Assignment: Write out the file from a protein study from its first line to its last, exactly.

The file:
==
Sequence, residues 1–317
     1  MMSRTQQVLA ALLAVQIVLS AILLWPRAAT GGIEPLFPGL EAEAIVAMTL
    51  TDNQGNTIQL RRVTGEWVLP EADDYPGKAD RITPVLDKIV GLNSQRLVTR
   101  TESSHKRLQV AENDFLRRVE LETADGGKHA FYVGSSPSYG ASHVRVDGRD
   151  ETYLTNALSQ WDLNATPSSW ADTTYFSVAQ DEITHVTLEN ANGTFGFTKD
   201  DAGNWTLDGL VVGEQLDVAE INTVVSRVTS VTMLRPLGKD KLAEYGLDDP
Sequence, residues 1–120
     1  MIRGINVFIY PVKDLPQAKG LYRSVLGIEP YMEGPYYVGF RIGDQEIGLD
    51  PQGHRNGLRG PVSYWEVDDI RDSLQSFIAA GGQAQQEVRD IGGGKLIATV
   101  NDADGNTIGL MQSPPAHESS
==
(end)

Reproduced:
Sequence, residues 1–317
     1  MMSRTQQVLA ALLAVQIVLS AILLWPRAAT GGIEPLFPGL EAEAIVAMTL
    51  TDNQGNTIQL RRVTGEWVLP EADDYPGKAD RITPVLDKIV GLNSQRLVTR
   101  TESSHKRLQV AENDFLRRVE LETADGGKHA FYVGSSPSYG ASHVRVDGRD
   151  ETYLTNALSQ WDLNATPSSW ADTTYFSVAQ DEITHVTLEN ANGTFGFTKD
   201  DAGNWTLDGL VVGEQLDVAE INTVVSRVTS VTMLRPLGKD KLAEYGLDDP
Sequence, residues 1–120
     1  MIRGINVFIY PVKDLPQAKG LYRSVLGIEP YMEGPYYVGF RIGDQEIGLD
    51  PQGHRNGLRG PVSYWEVDDI RDSLQSFIAA GGQAQQEVRD IGGGKLIATV
   101  NDADGNTIGL MQSPPAHESS